A physics degree sets you up well for research-based roles and positions in other sciences, it is also useful for careers in business, finance, IT and engineering...

Job options

Jobs directly related to your degree include:

Jobs where your degree would be useful include:

Remember that many employers accept applications from graduates with any degree subject, so don't restrict your thinking to the jobs listed here.

Work experience

Work experience is expected by most employers so being able to provide relevant examples in your job applications will greatly enhance your chances of success.

Some physics degrees include a year in industry to help students get practical experience. If your degree does not offer this option, you could look at gaining relevant experience in other ways.

Laboratory work, for example a part-time job as a laboratory technician or assistant, may be useful if you want a career in science.

You can also try to get involved with specialist groups of relevant professional institutions such as the Institute of Physics.

Vacation work or summer internships which develop teamwork, leadership and communication skills will also be helpful.

Search for placements and find out more about work experience and internships.

Typical employers

Employers of physics graduates include academic institutions, government research organisations and industry.

Industries employing physicists are varied and include:

  • aerospace and defence;
  • education;
  • energy;
  • engineering;
  • instrumentation;
  • manufacturing;
  • oil and gas;
  • science and telecommunications.

Physics graduates not directly using their physics degree can pursue careers in a range of sectors such as IT and consultancy, the environmental industry, financial services, legal sector, transport and utilities.

Find information on employers in engineering and manufacturing, information technology, science and pharmaceuticals, and other job sectors.

Skills for your CV

Studying physics can help you to develop a range of skills that can be applied in many areas, both scientific and non-technical. These skills include:

  • problem solving - with a pragmatic and analytical approach;
  • reasoning - constructing logical arguments, applying analytical skills and grasping complex problems;
  • numeracy - skills in using mathematics to find solutions to scientific problems, mathematical modelling and interpreting and presenting information graphically;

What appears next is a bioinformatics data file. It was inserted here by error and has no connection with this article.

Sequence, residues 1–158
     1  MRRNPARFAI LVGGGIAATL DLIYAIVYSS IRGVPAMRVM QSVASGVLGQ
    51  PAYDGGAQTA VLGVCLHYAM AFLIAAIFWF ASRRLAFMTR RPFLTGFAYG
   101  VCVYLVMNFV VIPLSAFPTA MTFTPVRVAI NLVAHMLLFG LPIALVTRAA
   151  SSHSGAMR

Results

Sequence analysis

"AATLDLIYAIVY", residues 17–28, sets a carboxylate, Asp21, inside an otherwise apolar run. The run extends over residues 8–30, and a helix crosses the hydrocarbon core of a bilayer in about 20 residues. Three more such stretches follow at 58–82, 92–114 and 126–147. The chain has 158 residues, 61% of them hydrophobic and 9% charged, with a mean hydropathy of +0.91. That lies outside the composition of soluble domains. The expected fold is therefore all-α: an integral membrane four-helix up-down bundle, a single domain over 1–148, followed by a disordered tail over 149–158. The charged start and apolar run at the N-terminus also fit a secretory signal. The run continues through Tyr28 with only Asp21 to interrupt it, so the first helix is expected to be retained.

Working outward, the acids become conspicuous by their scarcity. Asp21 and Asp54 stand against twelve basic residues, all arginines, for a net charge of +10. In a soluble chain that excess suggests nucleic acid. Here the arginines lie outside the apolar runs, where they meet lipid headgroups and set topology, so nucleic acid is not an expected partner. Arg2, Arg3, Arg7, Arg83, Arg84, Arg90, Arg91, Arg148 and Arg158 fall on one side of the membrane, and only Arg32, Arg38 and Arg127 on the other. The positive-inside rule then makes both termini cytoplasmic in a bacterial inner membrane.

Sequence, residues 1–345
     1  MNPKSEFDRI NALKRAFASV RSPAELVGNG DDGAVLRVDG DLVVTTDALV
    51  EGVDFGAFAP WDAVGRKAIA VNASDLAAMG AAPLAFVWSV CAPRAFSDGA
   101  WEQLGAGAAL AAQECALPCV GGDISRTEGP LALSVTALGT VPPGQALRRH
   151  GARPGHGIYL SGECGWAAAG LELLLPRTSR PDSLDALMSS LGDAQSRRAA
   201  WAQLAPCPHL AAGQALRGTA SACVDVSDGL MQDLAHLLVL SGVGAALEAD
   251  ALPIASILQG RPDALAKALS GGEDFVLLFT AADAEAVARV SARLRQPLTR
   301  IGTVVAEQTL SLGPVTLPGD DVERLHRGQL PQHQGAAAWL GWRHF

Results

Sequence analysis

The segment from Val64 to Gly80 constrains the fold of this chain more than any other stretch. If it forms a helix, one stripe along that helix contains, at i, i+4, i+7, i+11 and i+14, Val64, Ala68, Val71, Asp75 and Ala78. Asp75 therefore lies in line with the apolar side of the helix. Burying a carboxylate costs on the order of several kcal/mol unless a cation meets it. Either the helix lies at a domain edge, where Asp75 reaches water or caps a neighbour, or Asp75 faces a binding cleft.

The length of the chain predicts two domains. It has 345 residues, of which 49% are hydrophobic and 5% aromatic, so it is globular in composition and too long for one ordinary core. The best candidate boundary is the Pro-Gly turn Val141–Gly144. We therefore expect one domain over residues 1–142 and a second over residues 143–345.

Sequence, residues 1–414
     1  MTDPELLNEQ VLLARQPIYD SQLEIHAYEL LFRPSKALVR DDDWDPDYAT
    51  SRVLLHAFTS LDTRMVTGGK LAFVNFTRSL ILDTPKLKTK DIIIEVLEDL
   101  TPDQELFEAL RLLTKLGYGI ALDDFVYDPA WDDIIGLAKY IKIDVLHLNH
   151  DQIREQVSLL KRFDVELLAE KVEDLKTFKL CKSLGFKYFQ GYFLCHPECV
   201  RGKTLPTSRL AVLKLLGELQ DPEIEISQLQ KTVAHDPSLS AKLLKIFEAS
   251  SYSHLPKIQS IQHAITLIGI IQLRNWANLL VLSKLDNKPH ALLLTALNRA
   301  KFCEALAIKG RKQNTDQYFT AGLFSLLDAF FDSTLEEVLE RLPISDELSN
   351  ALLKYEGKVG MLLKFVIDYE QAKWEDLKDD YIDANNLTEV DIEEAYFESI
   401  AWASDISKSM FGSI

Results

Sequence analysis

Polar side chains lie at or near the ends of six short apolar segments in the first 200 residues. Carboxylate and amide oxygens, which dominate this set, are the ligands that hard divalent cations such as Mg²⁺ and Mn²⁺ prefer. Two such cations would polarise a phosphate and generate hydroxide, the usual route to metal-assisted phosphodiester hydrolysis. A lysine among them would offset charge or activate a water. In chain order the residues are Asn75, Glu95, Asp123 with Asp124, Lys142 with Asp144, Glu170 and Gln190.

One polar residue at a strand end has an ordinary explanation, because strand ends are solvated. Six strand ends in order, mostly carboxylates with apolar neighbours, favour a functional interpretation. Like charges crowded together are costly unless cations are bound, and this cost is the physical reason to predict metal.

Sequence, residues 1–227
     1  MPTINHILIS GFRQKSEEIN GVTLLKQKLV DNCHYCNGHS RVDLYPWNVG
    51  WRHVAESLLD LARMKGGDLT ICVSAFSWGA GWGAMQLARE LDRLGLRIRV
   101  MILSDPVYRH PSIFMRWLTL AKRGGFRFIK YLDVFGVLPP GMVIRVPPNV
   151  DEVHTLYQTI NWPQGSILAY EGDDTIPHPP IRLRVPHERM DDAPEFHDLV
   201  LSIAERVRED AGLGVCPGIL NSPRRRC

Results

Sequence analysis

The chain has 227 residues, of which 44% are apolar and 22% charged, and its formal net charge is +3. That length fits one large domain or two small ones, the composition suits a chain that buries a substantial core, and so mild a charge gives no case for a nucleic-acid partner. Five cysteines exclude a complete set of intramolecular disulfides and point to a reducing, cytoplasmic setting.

• practical skills - planning, executing and reporting experiments, using technical equipment and paying attention to detail;
  • communication - conveying complex ideas and using technical language correctly;
  • information and communication technology (ICT) - including specialist software packages and some programming.

Further study

Some of the most popular physics-related courses at postgraduate level include:

  • astrophysics;
  • quantum physics;
  • particle physics;
  • mathematical physics;
  • thermodynamics;
  • nanotechnology.

There are also many other postgraduate opportunities that you may take, including courses in marketing, finance, business, law, IT and journalism.

Some physics graduates complete a teaching qualification, while others begin a PhD to start a career in research science.

For more information on further study and to find a course that interests you, see Masters degrees and search postgraduate courses.

What do physics graduates do?

One in ten graduates in employment in the UK are working as programmers and software development professionals. Half of more than a third of graduates who went on to further study continue their studies in physics.

Further study34.5
Working and studying5.1
Graduate destinations for physics
Type of workPercentage
Information technology20.5
Business, HR and financial19.2
Retail, catering and bar work10.6
Technicians and other professionals8.5
Types of work entered in the UK

For a detailed breakdown of what physics graduates are doing six months after graduation, see What Do Graduates Do?

Graduate destinations data from the Higher Education Statistics Agency.